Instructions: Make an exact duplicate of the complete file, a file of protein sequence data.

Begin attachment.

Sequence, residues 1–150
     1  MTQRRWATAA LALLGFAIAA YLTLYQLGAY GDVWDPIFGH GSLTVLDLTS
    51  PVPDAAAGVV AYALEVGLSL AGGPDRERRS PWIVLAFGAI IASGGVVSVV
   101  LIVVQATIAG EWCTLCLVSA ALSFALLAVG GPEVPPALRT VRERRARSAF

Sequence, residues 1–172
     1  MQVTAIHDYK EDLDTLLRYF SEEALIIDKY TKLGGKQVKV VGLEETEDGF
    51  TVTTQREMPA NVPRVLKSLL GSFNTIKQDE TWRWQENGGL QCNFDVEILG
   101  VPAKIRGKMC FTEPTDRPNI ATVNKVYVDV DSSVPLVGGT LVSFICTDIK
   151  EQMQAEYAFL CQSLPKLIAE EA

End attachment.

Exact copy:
Sequence, residues 1–150
     1  MTQRRWATAA LALLGFAIAA YLTLYQLGAY GDVWDPIFGH GSLTVLDLTS
    51  PVPDAAAGVV AYALEVGLSL AGGPDRERRS PWIVLAFGAI IASGGVVSVV
   101  LIVVQATIAG EWCTLCLVSA ALSFALLAVG GPEVPPALRT VRERRARSAF

Sequence, residues 1–172
     1  MQVTAIHDYK EDLDTLLRYF SEEALIIDKY TKLGGKQVKV VGLEETEDGF
    51  TVTTQREMPA NVPRVLKSLL GSFNTIKQDE TWRWQENGGL QCNFDVEILG
   101  VPAKIRGKMC FTEPTDRPNI ATVNKVYVDV DSSVPLVGGT LVSFICTDIK
   151  EQMQAEYAFL CQSLPKLIAE EA